Peter Hibberd, M.D., is a doctor whose advice is based on more than 28 years of hospital outpatient and inpatient experience. He is an experienced emergency medicine physician, surgeon, and consultant. Dr. Hibberd is certified by the American Board of Emergency Medicine. He is also a fellow and active member of the American Academy of Family Physicians, an active member of the American College of Emergency Physicians, and a member and fellow of the American Academy of Emergency Medicine. Dr. Hibberd has earned numerous national and international professional certifications, memberships, and awards.

What Helps Heal Bones?

Friday, 03 September 2010 09:12 AM

Question: What helps to heal bones after orthopedic surgery?

Dr. Hibberd's Answer:

After orthopedic surgery, bone is usually fixed in place. Be sure to have an adequate amount of calcium and vitamin D to enhance the formation of new bone matrix while the immobilized bone heals.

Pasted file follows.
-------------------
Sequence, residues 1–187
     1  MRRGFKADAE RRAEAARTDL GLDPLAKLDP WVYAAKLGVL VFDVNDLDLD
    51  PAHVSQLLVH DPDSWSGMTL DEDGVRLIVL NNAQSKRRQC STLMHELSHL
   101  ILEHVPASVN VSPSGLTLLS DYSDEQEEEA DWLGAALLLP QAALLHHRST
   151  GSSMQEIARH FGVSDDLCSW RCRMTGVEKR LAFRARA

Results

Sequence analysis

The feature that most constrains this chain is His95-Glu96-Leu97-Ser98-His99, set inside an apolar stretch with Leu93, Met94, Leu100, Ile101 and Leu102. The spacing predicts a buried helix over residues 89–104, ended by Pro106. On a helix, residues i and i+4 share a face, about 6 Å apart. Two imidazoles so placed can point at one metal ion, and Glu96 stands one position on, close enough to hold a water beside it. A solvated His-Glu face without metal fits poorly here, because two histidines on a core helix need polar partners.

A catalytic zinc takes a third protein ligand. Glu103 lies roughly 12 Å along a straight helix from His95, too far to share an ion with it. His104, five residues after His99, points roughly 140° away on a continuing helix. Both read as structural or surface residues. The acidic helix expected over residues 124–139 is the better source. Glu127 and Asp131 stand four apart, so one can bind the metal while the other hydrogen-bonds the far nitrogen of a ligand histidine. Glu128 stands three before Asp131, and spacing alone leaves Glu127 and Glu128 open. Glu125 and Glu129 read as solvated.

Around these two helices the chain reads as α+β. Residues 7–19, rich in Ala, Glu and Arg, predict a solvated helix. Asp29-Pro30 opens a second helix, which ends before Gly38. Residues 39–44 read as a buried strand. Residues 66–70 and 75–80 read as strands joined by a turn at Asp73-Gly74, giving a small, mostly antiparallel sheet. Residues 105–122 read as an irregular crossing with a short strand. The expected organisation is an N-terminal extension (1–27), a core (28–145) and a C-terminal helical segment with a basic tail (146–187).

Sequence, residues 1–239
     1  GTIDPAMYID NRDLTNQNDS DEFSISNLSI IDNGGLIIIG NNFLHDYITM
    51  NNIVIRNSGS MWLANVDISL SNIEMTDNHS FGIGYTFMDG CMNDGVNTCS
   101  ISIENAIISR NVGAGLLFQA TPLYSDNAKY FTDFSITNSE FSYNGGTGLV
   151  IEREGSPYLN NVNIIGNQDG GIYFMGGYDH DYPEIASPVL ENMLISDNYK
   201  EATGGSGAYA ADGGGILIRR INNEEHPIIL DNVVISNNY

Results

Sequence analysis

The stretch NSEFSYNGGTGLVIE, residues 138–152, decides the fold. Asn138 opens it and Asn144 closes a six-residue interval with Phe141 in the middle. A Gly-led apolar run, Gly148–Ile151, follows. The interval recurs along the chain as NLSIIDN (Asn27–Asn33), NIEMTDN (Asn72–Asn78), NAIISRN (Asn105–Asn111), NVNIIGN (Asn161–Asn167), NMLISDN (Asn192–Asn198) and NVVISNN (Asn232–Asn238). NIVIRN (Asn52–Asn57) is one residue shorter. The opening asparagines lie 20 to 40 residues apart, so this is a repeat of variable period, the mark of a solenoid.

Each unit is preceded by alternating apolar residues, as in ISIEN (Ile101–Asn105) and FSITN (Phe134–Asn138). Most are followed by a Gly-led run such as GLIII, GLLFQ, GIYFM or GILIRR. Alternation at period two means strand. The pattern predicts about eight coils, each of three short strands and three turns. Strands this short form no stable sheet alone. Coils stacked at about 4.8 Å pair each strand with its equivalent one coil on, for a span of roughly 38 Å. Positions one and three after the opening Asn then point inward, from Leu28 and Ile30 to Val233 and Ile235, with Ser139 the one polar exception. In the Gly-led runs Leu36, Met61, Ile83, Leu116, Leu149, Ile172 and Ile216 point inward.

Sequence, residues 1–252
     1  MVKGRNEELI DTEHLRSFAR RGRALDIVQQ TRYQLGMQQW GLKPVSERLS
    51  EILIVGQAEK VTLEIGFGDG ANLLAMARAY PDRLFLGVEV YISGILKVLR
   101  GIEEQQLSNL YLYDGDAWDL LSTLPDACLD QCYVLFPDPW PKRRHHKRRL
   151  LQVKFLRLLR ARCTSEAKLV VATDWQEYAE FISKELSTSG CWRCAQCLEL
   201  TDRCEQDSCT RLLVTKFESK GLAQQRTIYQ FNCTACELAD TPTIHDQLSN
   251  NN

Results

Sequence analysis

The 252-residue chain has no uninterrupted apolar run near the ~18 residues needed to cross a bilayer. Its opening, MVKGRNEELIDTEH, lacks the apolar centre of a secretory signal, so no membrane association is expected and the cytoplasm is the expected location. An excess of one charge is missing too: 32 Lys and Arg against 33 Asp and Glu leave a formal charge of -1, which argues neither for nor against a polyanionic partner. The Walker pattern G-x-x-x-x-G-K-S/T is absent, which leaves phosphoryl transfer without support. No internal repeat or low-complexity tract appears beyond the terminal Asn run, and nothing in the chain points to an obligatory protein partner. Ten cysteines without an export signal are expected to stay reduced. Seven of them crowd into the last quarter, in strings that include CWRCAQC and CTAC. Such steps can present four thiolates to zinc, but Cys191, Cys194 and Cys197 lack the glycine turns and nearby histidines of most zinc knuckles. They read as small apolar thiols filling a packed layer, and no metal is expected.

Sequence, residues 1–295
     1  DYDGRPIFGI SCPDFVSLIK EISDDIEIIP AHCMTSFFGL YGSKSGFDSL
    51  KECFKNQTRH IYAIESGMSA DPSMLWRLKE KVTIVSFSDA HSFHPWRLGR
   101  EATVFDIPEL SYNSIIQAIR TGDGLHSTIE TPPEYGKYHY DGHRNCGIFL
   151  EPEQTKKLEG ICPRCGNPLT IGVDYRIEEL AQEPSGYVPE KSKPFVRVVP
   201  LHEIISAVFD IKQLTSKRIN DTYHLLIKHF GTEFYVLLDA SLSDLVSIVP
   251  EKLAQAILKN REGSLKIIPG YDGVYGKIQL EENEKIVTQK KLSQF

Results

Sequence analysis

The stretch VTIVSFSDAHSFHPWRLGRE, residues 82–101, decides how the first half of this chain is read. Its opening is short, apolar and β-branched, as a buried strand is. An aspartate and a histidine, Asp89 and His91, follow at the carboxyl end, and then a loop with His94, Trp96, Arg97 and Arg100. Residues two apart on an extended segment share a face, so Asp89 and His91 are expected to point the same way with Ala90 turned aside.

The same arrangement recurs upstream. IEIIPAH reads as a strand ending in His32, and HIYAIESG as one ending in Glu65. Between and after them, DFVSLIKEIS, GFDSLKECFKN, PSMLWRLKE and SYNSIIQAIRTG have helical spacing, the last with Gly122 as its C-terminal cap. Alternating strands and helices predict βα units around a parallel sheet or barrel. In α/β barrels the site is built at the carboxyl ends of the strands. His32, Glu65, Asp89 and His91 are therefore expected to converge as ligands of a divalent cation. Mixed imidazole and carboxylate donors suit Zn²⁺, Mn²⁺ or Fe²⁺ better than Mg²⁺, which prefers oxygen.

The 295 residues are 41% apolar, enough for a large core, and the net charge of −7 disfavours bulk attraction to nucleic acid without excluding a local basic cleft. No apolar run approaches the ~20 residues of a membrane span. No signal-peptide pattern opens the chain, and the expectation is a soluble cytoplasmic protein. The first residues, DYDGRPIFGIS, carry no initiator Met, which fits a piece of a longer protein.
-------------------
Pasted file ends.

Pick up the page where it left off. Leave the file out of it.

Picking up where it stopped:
Fixation of the fracture or prosthesis is accomplished through various combinations of glue, bone graft, plates, screws, and prosthetic replacement parts, and occasionally with parts from human cadaver donors. Often these operative sites may require casting or splinting after surgery until the areas have formed sufficient new bone to be stable.

When a cast is used, it usually stays in place from four to six weeks, and even longer depending on the rate of healing and new bone formation at the fracture site(s).
Once the site is healed, physical therapy is always recommended so bone and joint tissue can return to their normal function without excessive stress after surgery and immobility.

Regular physical activity and joint motion help preserve bone and joint structure integrity.
As a case in point, in complex fractures that involve joints, especially in children, the best treatment may involve a combination of setting the fracture combined with continuous passive movement therapy for the most function and the least disability.

© HealthDay

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